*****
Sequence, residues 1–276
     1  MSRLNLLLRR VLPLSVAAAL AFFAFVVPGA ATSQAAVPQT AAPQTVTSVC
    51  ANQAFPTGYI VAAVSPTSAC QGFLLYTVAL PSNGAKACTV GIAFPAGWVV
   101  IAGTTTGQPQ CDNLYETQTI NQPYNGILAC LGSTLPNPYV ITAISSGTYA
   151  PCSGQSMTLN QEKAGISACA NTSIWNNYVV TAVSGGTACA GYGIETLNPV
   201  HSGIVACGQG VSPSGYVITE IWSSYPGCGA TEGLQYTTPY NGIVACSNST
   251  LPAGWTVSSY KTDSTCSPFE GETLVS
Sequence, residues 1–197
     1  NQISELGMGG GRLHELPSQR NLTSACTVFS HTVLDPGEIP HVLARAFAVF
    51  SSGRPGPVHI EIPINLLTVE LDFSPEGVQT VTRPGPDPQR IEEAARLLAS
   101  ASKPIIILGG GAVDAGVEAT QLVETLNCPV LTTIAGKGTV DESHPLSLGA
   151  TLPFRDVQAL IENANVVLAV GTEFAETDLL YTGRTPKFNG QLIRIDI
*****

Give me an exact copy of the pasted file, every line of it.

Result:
Sequence, residues 1–276
     1  MSRLNLLLRR VLPLSVAAAL AFFAFVVPGA ATSQAAVPQT AAPQTVTSVC
    51  ANQAFPTGYI VAAVSPTSAC QGFLLYTVAL PSNGAKACTV GIAFPAGWVV
   101  IAGTTTGQPQ CDNLYETQTI NQPYNGILAC LGSTLPNPYV ITAISSGTYA
   151  PCSGQSMTLN QEKAGISACA NTSIWNNYVV TAVSGGTACA GYGIETLNPV
   201  HSGIVACGQG VSPSGYVITE IWSSYPGCGA TEGLQYTTPY NGIVACSNST
   251  LPAGWTVSSY KTDSTCSPFE GETLVS
Sequence, residues 1–197
     1  NQISELGMGG GRLHELPSQR NLTSACTVFS HTVLDPGEIP HVLARAFAVF
    51  SSGRPGPVHI EIPINLLTVE LDFSPEGVQT VTRPGPDPQR IEEAARLLAS
   101  ASKPIIILGG GAVDAGVEAT QLVETLNCPV LTTIAGKGTV DESHPLSLGA
   151  TLPFRDVQAL IENANVVLAV GTEFAETDLL YTGRTPKFNG QLIRIDI